Environmental drivers of spatial and temporal variability in lakes
Scheuerell, Mark David
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Lakes are heterogeneous, three-dimensional landscapes, but are rarely appreciated as such. Organisms distribute themselves throughout these aquatic landscapes in a variety of ways, depending on the abiotic (e.g. temperature, oxygen, light) and biotic (e.g. predators, prey) features of the environment. Therefore, change in habitat use by an organism usually reflects temporal variation in the spatial distributions of the physical, chemical, and biological characteristics of lakes, or the constraints they impose on aquatic organisms. Integrating the effects of these changes across multiple scales requires knowledge of the external and internal functions of ecosystems. This task is often hindered by our inability to separate ecological process and pattern from underlying natural variability, especially when comparing the results of small experiments to observations made at larger scales. New development and application of geographic information systems (GIS), remote sensing, computer simulation models, spatial statistics, and sampling techniques has shown how emergent patterns in variability can indicate important spatial features of the landscape. Similar advances in time-series analyses allow us to track dynamic changes in the underlying trends or periodic effects in time-ordered data.I examined patterns in the spatial and temporal variance within and among several components of aquatic ecosystems. Through a combination of field sampling and quantitative methods, I offered ecological explanations for, and statistical descriptions of temporal and spatial patterns in the variance of observed data. Using ecological data from a variety of different lake ecosystems including relatively pristine Alaskan lakes and others from Washington state that were heavily impacted by human activities, I found that patterns in the spatial or temporal variance of observed data could often be explained by environmental drivers such as the amount of light, lake basin morphology, or the intensity of human disturbance. In all cases, I paid particular attention to the scope of the study and its influence on the results. My results highlight opportunities for ecologists to explicitly consider the role of dynamic changes in the spatial and temporal distribution of organisms in empirical and theoretical studies of aquatic ecosystems.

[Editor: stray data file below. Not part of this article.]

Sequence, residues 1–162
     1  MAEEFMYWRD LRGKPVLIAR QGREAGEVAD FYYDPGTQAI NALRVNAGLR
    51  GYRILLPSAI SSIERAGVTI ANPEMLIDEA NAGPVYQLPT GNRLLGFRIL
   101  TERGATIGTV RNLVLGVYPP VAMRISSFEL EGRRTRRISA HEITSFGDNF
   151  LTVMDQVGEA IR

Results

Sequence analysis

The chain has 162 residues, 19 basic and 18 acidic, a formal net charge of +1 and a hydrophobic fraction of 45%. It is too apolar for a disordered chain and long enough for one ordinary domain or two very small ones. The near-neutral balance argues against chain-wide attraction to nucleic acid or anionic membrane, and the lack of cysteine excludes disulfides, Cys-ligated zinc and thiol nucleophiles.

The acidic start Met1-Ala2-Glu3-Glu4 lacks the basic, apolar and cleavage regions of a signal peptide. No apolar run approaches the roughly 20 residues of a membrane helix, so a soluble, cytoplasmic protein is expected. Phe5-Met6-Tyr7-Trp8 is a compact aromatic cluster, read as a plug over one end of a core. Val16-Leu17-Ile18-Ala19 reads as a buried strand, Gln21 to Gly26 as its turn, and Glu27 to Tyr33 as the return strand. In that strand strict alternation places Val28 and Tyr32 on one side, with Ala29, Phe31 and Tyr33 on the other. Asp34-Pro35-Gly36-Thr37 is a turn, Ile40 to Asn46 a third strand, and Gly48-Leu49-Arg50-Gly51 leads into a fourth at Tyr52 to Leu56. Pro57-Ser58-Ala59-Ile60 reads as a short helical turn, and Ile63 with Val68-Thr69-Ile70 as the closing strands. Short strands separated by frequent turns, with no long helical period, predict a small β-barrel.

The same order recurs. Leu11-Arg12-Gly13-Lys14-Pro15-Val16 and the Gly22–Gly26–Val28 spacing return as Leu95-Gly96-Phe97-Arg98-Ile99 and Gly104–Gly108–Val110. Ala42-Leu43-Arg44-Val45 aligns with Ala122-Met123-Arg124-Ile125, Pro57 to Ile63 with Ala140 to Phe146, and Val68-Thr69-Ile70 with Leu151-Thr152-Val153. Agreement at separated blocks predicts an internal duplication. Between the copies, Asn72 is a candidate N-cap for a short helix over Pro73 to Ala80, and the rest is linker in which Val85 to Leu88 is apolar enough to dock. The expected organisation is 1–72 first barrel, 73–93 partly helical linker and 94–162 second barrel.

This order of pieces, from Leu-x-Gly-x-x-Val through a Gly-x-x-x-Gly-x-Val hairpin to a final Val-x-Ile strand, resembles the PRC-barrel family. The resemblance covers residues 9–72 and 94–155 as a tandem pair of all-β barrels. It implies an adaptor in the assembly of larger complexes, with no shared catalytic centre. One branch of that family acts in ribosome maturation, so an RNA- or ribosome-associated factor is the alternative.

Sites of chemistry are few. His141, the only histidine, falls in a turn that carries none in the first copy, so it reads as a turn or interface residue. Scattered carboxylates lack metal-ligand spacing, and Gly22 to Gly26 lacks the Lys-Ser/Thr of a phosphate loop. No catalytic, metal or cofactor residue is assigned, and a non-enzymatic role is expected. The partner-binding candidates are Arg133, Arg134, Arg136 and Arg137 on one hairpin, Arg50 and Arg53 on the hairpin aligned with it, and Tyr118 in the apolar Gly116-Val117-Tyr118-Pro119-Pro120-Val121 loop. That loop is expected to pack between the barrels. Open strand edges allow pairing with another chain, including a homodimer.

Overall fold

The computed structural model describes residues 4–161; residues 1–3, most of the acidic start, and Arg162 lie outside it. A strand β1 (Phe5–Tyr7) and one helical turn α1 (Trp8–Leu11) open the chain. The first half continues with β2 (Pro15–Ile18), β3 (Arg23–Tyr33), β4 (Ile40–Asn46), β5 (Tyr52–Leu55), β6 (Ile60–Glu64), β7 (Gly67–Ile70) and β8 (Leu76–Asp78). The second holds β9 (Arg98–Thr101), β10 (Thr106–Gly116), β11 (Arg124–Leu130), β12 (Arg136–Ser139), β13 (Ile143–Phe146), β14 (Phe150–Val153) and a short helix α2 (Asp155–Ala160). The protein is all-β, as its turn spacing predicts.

- Biology